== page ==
Insulin Therapy in Type 2 Diabetes - Episode 18
Dhiren Patel, PharmD, CDE, BC-ADM, BCACP: We’ve talked a lot about all the different things, starting with the pathophysiology. We talked about diagnostic criteria, the guidelines, and all this new innovation that we’re seeing in diabetes technology. We have smart insulin pens, we have CGMs [continuous glucose monitors], and we have insulin pumps. How do you then put all this into practice? What I want to do is take some time and present a patient case, and I want everyone to take a few minutes to digest it. If this was a patient who was in your clinic or was presented to you, I’d love some initial feedback on what you’re thinking, whom you might refer to, and your thought process.
The patient we’re talking about here is a 62-year-old Mexican American woman who has a past medical history of obesity, a 16-year history of type 2 diabetes. She presents for a follow-up visit with a complaint of elevated blood glucose levels.
Her medical history is this: As I mentioned, she has had type 2 diabetes for a significant amount of time, 15 to 16 years. She’s also had hypertension and dyslipidemia. Luckily, those are both adequately controlled at the moment. She is mindful of her complications. She’s getting her screenings done on a regular basis: eye exams, foot exams, and kidney screenings. Her EGFR [estimated glomerular filtration rate] is under a good number right now: it’s greater than 90 mL/min. Her diabetes is currently being treated by a sulfonylurea, so she’s on glimepiride 2 mg once a day, metformin 500 mg twice a day, and 45 units of basal insulin. She also has a past medical history of pancreatitis.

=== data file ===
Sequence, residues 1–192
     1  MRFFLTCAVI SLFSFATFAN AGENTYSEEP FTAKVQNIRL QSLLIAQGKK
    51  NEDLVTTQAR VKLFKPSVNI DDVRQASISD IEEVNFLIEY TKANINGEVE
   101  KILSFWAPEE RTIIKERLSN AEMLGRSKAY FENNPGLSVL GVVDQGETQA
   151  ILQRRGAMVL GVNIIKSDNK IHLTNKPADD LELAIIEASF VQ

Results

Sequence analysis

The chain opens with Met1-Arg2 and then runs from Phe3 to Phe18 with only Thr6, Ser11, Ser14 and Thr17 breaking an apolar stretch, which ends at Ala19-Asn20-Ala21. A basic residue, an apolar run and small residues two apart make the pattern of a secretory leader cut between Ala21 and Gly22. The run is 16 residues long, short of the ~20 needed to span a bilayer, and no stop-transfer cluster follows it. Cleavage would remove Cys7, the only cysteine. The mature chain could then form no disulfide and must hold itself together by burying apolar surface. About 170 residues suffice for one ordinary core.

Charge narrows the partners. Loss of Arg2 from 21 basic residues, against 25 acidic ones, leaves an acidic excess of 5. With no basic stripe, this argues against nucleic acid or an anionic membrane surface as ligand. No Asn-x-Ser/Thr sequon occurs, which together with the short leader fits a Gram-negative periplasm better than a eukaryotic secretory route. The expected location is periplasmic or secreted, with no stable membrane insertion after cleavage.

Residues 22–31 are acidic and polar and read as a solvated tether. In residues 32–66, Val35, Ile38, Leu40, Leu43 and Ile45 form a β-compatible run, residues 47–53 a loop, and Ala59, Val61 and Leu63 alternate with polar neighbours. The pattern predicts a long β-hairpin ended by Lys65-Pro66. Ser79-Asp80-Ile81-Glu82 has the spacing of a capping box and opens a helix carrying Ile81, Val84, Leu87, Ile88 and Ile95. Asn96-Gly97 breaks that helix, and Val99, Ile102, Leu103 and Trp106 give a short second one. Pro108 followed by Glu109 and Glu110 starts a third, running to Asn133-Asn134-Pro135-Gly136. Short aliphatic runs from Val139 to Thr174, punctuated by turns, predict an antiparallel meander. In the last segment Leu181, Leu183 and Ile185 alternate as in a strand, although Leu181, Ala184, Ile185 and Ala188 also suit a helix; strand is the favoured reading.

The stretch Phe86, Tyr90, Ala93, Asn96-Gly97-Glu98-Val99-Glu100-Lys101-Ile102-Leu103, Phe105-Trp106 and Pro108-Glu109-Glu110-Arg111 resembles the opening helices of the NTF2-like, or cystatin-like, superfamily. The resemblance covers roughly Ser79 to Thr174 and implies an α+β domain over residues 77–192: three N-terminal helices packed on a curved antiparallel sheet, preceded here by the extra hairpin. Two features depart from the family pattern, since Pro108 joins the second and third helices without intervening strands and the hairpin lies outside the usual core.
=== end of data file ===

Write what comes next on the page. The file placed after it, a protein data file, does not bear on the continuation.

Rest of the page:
A bit about her: She is married with 1 child. She works full time for an insurance company. She consumes maybe 1 to 2 alcoholic drinks a week, but she has a hectic schedule, and it prevents her from regular exercise.
I’ll give you all a bit about the physical exam as well as some of the pertinent labs. The patient is overweight with a BMI [body mass index] of 35 and an A1C [glycated hemoglobin] level of 9.2%, and this was in February 2019. Fasting blood glucose at the time was about 180 mg/dL.
A bit about her medications and the current therapy she’s on: She’s covered with a statin. She’s got an ACE inhibitor on board from a diabetes medication standpoint. As I mentioned, she is on 500 mg twice a day of metformin, 2 mg of glimepiride, and 45 units of basal insulin. She takes a multivitamin. Once she was started on that basal insulin, she was eventually added and titrated onto bolus insulin, so she is on 15 units of bolus insulin 3 times a day.
If you fast-forward, you’ve had this patient who’s on multiple daily injections, and her A1C has improved from what it used to be after the addition of the bolus insulin; it’s sitting at 8.7%. She’s feeling well. Her A1C has improved a bit, but she tells you she’s missing bolus insulin doses quite often. She takes them later because her schedule is hectic. She comes in and says, “What can you do to help me with this? I want to do better. Is there something that I can do?” She asks, “What about an insulin pump?”